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Begum’s arrest and rising sentiments in Dhaka

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Begum’s arrest and rising sentiments in Dhaka

After Begum Zia’s arrest, allegations of it being politically motivated were expected from the BNP; after all, they could hardly have hailed the judgement. Bangladesh's population, however, is now polarised

Not surprisingly, Begum Khaleda Zia’s jailing, following her sentencing to five years of rigorous imprisonment by Special Judge’s Court-5 in Dhaka, has been seen in the context of the parliamentary elections in Bangladesh, scheduled for the end of 2018. Begum Zia had told a news conference the day before the judgement’s delivery on February 8, “This [the case] is an attempt to use the court against me, in an effort to sideline me from politics and elections and to isolate me from the people.”

One does not know whether she had in mind Article 66 (d) of Bangladesh’s Constitution, which bars a person, convicted of an offence involving moral turpitude, and sentenced to not less than two years’ imprisonment, from contesting a parliamentary election before the lapse of five years after release. Whatever it is, the verdict in the present case will prevent her from contesting unless a higher court stays it. It will similarly affect her son, Tarique Rahman, senior vice-chairman of the Bangladesh Nationalist Party (BNP) and in self-imposed exile in Britain since 2008. He and four others, convicted in the same case and for the same offence, have been sentenced to 10 years of rigorous imprisonment and fined Taka 2.1 crore each.

Is Begum Zia’s allegation correct? It would be, if the charge on which she has been convicted is false, and the punishment is disproportionately high compared to the nature of the charge — that the accused have siphoned off Taka 21.1 crore (roughly $253,000) received as donation to the Zia Orphanage Trust, named after her husband, general-turned president Zia-ur Rahman, when she was the Prime Minister. The question of punishment is important as the bar under Article 66 (d) would not have applied if it was less than two years.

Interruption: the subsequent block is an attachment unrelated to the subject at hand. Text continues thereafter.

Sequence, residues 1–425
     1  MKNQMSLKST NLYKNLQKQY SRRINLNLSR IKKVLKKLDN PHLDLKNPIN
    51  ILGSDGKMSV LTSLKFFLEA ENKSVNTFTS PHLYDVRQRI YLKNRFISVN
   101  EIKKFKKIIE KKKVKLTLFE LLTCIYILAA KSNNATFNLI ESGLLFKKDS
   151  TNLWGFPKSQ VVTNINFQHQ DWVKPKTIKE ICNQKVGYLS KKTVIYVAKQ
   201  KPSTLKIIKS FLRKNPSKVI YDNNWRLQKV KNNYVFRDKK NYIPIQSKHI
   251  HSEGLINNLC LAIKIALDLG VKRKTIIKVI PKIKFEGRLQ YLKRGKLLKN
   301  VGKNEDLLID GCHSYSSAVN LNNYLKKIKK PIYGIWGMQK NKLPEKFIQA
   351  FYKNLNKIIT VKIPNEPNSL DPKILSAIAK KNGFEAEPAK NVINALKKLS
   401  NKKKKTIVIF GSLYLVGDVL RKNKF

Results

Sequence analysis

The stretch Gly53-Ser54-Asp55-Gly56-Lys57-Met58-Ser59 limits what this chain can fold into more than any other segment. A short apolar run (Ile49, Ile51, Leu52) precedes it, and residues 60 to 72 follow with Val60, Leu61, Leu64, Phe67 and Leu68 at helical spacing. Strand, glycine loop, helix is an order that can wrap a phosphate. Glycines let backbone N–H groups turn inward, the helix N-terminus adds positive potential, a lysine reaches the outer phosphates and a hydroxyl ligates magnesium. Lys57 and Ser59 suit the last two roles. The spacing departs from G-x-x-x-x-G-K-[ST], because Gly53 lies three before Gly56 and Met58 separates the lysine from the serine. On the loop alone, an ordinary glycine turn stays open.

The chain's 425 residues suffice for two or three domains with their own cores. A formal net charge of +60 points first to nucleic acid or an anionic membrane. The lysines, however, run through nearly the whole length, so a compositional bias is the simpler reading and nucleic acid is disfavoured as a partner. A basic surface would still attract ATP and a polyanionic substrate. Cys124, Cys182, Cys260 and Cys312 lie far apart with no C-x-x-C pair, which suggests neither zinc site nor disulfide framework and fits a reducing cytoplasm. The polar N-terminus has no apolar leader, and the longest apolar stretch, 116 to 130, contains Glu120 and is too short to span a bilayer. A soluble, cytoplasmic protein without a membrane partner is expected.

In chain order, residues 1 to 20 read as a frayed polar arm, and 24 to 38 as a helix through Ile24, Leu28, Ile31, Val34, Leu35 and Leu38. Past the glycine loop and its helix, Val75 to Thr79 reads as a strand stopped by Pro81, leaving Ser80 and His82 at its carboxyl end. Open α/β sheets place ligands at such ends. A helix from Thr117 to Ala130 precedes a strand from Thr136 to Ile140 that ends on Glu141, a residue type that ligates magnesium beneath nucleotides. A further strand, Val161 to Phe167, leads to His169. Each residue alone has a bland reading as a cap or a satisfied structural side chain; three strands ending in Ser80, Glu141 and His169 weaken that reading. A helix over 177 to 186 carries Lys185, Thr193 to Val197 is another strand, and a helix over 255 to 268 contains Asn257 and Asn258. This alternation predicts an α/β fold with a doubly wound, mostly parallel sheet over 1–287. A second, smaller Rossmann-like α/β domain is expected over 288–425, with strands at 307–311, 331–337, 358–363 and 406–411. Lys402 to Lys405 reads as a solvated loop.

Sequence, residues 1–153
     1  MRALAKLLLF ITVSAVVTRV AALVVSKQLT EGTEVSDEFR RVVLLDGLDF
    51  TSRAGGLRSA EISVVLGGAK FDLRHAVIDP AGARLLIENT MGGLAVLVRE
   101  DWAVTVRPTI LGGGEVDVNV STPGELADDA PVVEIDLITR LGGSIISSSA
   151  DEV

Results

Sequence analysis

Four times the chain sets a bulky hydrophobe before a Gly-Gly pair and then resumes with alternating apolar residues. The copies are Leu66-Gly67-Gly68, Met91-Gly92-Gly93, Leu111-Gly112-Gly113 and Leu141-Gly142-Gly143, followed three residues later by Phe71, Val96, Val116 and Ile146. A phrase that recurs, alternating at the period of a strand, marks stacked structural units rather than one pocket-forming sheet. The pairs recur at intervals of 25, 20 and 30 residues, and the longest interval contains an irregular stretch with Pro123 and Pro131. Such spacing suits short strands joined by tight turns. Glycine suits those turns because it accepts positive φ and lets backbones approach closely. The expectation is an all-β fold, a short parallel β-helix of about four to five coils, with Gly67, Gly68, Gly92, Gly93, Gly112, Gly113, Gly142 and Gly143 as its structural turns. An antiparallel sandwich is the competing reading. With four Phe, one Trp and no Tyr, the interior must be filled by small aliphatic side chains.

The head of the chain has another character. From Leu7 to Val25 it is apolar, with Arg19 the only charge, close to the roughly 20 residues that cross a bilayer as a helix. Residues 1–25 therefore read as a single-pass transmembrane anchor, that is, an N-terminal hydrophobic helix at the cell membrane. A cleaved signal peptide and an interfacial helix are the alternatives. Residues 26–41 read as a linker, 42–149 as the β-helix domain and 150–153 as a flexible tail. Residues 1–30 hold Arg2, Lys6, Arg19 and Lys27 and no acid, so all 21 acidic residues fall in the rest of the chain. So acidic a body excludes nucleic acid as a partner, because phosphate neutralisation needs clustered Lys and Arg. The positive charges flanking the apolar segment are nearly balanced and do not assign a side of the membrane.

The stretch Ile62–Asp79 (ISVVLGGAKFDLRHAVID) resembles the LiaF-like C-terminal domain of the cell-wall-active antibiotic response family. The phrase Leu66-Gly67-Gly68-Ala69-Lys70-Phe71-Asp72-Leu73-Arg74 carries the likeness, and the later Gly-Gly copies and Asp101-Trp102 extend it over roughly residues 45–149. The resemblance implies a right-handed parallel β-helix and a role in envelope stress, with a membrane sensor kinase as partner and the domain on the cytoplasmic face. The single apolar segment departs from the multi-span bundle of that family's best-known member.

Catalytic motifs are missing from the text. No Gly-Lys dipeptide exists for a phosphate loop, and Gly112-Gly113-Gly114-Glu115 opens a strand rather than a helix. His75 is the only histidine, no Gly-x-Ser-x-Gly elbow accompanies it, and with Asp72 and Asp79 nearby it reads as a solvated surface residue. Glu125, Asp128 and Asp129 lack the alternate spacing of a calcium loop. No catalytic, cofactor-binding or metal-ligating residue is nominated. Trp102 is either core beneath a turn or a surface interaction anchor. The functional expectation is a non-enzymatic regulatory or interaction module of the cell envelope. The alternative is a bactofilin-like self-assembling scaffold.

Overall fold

The outcome of the appeal against Begum Zia’s sentencing, which her lawyers plan to lodge, will go a long way in indicating whether the charges are genuine and the punishment has been excessive. Pending that, one needs to remember that Bangladesh’s Anti-Corruption Commission had filed the present case with Ramna Police Station, Dhaka, on July 3, 2008, when a military-backed caretaker regime, installed after the coup of January 11, 2007, was running the country.

There was then neither an Awami League Government nor any indication that the party would come to power following the next elections due by the end of 2008. Hence, the BNP’s recent claim that the case “was initiated with a sinister motive to ensure that Begum Zia would not be allowed to lead the BNP in the next election” appears ridiculous. This is 2018! The election that followed the registration of the case was held at the end of 2008! The fact is that the military-backed regime had registered cases both against her and Sheikh Hasina and both had been jailed during its tenure. The cases against Sheikh Hasina were quashed after she came to power; those against Begum Zia were not.

Prima facie, this can suggest that the Awami League Government had let Sheikh Hasina off the hook but not Begum Zia. Not letting the latter off the hook, however, is not the same as hooking her. The question is whether the charges against both are genuine. The judgement in the Zia Orphanage Trust case suggests that they are so at least in one instance. BNP’s secretary-general, Mirza Fakhrul Islam Alamgir has, doubtless, told the AFP, “This is a false and staged case. No way we will accept this verdict.” Begum Zia’s lawyer Khandkar Mahbub Hossain said that the verdict reflected “political vengeance” and would be overturned by a higher court.